When seven-time German Olympian Dr. Reiner Klimke first heard of Linda Tellington-Jones and her unique hands-on method to improve horses’ well-being and performance, he wondered “whether it was hocus-pocus or not. So I read her book and tried to understand the theory [of the movements known as TTouch] so I could learn as much as possible” before sharing an arena with her during a four-day symposium in late February 1999 at the Los Angeles Equestrian Center (LAEC).
From the outset, no one knew exactly how the two clinicians’ systems would mesh. But more than 100 riders applied to fill the dozen available slots, and more than 1,200 spectators gathered from as far away as New Zealand to witness the magic that the dressage community has come to expect from Klimke’s U.S. Symposiums. No one was disappointed.
The primary goal shared by both Klimke and Tellington-Jones was to enhance the dressage horses’ performance by first instilling trust and building confidence. Whether a horse was undergoing TTouch prior to a work session or being asked by Klimke to perform a particular movement in the arena, the horse’s response spoke volumes to the experts, who know that nothing is ever accomplished in an atmosphere of fear. As soon as a horse experienced discomfort and seemed ready to say “no,” both Klimke and Tellington-Jones would back off. But then they would return and in a nonthreatening manner again ask the horse for a little more trust. Spectators and riders alike were constantly reminded that the word “aid” means “help.”
“Klimke has a way of dealing with fear that is inspirational,” says Tellington-Jones after watching horses from First Level to Grand Prix perform before the master. “When the horse is in a situation where he can’t do something, there is no force,” she continued. “When horses resist and say ‘I can’t do it,’ Klimke backs off,” returning to the lesson at a more opportune moment so that the horse can successfully respond to the request.
Indeed, those curious TTouch manipulations that 10 practitioners trained in The Tellington-Jones Equine Awareness Method (TTEAM) were performing before and after the riding sessions seemed to establish a similar foundation of trust with the horse.
“TTEAM work is not deep massage,” explained Tellington-Jones of the physical manipulations that are the heart and soul of her method. “TTEAM is a system of body-awareness techniques designed to take the horse beyond instinct and teach him how to think. It brings out the freedom in the horse. As we work, we will go to a sensitive place, but never so deeply that the horse flinches away. The TTouches invite your horse to come to you instead of going away from you. We wait until the horse puffs out and gets bigger form the work. The TTouch brings a trust to the body that fills out into the hand.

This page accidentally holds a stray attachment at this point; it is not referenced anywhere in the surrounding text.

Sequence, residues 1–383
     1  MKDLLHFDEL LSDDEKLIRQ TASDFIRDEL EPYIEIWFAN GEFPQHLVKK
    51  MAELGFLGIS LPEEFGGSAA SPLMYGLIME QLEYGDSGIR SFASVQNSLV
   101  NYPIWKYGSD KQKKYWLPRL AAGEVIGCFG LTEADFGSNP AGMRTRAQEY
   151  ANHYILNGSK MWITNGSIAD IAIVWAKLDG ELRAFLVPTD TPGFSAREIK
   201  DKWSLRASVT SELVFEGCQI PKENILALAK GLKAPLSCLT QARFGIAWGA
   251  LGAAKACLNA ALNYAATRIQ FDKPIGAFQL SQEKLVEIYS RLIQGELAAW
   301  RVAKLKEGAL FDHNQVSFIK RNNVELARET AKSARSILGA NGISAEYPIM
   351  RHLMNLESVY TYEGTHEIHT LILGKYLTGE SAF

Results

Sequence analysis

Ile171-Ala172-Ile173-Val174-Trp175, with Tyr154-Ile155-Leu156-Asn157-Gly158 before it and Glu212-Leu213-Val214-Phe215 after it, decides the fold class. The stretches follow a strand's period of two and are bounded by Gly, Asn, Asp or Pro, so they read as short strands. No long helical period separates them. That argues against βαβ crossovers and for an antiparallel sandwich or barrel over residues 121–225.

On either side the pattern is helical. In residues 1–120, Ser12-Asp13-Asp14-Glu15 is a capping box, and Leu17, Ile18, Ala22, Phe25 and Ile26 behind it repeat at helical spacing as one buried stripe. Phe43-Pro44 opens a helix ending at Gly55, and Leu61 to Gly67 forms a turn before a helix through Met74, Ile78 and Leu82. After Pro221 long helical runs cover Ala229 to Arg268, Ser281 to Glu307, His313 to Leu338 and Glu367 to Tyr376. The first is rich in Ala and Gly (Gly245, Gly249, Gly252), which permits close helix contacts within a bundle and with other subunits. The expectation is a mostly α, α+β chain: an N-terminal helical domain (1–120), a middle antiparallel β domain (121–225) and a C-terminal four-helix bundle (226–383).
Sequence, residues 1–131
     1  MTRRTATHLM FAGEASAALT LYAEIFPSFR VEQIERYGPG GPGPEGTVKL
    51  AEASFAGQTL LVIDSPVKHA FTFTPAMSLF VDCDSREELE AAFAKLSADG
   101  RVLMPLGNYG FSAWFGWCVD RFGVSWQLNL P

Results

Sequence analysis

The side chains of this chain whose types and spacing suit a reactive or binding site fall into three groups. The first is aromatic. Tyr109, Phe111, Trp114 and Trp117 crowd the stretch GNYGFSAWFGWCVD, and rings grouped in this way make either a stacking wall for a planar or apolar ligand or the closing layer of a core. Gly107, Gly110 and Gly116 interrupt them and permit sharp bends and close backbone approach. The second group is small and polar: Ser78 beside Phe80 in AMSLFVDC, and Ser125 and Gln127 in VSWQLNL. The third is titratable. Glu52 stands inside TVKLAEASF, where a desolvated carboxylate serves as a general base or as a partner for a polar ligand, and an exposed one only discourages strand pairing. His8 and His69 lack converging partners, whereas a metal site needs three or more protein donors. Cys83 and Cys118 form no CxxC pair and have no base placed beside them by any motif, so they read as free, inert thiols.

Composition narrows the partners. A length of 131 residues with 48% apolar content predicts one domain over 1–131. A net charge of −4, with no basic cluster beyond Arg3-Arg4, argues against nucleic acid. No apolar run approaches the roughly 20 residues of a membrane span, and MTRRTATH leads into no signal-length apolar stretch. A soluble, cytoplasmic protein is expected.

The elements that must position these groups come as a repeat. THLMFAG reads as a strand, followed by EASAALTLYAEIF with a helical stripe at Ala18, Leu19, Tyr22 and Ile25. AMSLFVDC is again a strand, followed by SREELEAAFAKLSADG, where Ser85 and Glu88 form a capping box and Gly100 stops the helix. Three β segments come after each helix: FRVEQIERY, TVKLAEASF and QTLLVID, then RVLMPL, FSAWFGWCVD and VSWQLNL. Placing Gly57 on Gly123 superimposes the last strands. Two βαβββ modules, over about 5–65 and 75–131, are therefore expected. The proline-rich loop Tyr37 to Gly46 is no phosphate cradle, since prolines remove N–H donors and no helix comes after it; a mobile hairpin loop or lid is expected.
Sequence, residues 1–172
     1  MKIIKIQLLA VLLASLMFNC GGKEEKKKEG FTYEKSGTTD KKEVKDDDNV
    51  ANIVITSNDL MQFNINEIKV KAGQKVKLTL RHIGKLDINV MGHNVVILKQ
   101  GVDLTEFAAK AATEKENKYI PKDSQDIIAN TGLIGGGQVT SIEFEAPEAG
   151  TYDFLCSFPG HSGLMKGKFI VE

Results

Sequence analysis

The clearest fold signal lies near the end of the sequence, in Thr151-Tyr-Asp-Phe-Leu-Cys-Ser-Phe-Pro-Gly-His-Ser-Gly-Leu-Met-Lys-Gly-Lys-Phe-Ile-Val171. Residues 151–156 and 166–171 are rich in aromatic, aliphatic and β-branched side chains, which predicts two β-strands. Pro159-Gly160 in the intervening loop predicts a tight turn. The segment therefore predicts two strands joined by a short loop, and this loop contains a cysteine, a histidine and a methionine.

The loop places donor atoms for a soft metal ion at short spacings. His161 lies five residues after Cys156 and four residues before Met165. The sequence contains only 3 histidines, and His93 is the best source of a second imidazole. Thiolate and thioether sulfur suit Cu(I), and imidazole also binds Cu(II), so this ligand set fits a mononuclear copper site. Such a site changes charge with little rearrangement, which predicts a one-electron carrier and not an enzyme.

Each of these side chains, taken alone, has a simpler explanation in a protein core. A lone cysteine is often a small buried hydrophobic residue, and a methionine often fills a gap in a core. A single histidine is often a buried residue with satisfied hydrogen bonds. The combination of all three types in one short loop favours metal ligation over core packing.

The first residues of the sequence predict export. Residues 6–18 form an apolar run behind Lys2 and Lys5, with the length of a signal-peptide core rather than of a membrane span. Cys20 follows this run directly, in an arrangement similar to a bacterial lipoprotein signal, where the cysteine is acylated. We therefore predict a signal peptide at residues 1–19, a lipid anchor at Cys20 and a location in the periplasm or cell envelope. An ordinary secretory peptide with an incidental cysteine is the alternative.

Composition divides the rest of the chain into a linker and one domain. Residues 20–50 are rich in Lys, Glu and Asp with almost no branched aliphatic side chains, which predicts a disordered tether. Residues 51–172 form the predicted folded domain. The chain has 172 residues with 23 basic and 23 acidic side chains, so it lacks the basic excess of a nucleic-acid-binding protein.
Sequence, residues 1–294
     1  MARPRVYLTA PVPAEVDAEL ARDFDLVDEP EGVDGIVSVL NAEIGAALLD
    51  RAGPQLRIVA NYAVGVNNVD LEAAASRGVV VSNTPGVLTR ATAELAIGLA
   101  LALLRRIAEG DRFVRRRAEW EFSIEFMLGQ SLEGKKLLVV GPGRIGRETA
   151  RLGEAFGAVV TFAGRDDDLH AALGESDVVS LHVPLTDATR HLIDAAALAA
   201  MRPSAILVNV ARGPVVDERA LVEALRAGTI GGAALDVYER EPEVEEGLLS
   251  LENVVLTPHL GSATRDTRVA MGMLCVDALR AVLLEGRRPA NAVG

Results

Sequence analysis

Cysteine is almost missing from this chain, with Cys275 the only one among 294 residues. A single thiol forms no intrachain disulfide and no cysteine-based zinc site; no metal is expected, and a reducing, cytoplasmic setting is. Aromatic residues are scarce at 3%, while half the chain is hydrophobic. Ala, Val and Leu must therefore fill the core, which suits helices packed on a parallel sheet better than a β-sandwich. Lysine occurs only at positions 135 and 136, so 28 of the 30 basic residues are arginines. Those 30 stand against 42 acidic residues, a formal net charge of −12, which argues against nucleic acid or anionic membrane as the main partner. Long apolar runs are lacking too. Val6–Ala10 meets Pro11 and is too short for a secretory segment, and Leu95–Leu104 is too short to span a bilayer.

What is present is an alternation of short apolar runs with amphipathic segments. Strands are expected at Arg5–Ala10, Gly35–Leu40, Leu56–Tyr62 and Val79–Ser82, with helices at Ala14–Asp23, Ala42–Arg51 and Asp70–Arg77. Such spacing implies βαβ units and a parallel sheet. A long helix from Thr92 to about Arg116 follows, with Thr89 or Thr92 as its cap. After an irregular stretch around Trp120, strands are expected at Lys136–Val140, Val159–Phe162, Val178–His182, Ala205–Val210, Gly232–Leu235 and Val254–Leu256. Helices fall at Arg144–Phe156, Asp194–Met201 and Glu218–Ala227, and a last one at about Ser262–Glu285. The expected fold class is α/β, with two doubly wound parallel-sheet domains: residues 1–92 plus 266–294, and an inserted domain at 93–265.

“It’s such a pleasure to see Klimke work and make these horses so happy,” Tellington-Jones continued. “Riding [according to his philosophy] is very important. If the riders were to get after their horses, the horses would lose confidence,” she said as she watched the results of her work become magnified through Klimke’s instruction.
Wenzel’s Imagine: Changed by TTEAM
“When I was accepted [to ride in the symposium], I told them he was young and inexperienced,” said Carol Robertson of her 5-year-old Hanoverian, Wenzel’s Imagine. “But I was told that this clinic would be good for a horse like him. Regardless, I thought Imagine would be challenged in this atmosphere.” He had been in the country for only a few months and had certainly never seen the likes of the Equidome. As a result, Robertson was a bit nervous about riding him there under Klimke’s watchful eye and in front of some 1,200 people.
She also was skeptical that Tellington-Jones’ “touch that teaches” would make much of a difference with Imagine because he is sensitive and hot. Nevertheless, she and Imagine met Tellington-Jones in the Equidome on Thursday for their first TTEAM work session, and they returned on Friday for about 40 minutes of TTouch before their first ride with Klimke.
As Tellington-Jones took stock of Imagine on Thursday, she noticed that he had a tendency to be tense and to come high in the neck, which stopped his hind end. She worked with him to help lower his head and neck and increase his awareness of his entire body. A series of connecting circular TTouches made on the horses’s body visibly improved his posture and helped him to move with integrity. Ground exercises, such as walking through the labyrinth–a maze of poles laid on the ground–were employed to improve Imagine’s self-confidence, self-image, self-carriage and self-control.